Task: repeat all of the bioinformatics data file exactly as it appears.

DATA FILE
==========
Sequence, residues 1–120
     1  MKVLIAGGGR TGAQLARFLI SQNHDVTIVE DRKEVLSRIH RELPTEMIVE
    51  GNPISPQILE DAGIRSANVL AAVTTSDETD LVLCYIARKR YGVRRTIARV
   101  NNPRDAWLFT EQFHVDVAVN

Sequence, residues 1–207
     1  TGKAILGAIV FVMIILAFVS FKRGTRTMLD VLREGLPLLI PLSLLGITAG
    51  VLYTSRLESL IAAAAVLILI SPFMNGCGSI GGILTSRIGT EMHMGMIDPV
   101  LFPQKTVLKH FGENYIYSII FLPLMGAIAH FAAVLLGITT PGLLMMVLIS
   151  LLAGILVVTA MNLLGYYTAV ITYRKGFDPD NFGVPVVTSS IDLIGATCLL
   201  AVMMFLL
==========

Sequence, residues 1–120
     1  MKVLIAGGGR TGAQLARFLI SQNHDVTIVE DRKEVLSRIH RELPTEMIVE
    51  GNPISPQILE DAGIRSANVL AAVTTSDETD LVLCYIARKR YGVRRTIARV
   101  NNPRDAWLFT EQFHVDVAVN

Sequence, residues 1–207
     1  TGKAILGAIV FVMIILAFVS FKRGTRTMLD VLREGLPLLI PLSLLGITAG
    51  VLYTSRLESL IAAAAVLILI SPFMNGCGSI GGILTSRIGT EMHMGMIDPV
   101  LFPQKTVLKH FGENYIYSII FLPLMGAIAH FAAVLLGITT PGLLMMVLIS
   151  LLAGILVVTA MNLLGYYTAV ITYRKGFDPD NFGVPVVTSS IDLIGATCLL
   201  AVMMFLL